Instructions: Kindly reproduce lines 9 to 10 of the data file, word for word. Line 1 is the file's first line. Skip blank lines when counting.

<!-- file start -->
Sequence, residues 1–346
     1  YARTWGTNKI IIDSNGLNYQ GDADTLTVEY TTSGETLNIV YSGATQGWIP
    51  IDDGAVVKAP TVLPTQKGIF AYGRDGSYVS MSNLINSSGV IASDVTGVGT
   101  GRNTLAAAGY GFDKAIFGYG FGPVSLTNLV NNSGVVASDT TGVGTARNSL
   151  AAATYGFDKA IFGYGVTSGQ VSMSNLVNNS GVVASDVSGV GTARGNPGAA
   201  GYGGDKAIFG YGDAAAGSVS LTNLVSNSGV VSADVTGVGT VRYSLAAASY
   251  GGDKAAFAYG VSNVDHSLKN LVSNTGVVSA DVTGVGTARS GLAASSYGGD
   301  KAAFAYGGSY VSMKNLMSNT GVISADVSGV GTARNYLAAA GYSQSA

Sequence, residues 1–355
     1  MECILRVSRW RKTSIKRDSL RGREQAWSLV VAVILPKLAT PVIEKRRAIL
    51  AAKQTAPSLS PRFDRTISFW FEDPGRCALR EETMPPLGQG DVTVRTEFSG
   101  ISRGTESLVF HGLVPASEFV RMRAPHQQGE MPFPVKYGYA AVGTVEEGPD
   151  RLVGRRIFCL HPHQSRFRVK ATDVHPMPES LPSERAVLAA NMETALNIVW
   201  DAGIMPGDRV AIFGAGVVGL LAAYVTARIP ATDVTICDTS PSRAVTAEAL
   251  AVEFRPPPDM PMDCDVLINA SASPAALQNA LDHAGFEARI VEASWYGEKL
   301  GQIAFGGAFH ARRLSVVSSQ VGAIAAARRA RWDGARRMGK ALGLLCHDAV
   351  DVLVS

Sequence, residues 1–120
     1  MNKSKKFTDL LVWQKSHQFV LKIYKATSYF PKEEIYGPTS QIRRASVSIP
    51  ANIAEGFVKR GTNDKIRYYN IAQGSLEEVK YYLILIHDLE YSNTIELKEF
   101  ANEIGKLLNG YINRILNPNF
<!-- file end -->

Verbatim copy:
Sequence, residues 1–355
     1  MECILRVSRW RKTSIKRDSL RGREQAWSLV VAVILPKLAT PVIEKRRAIL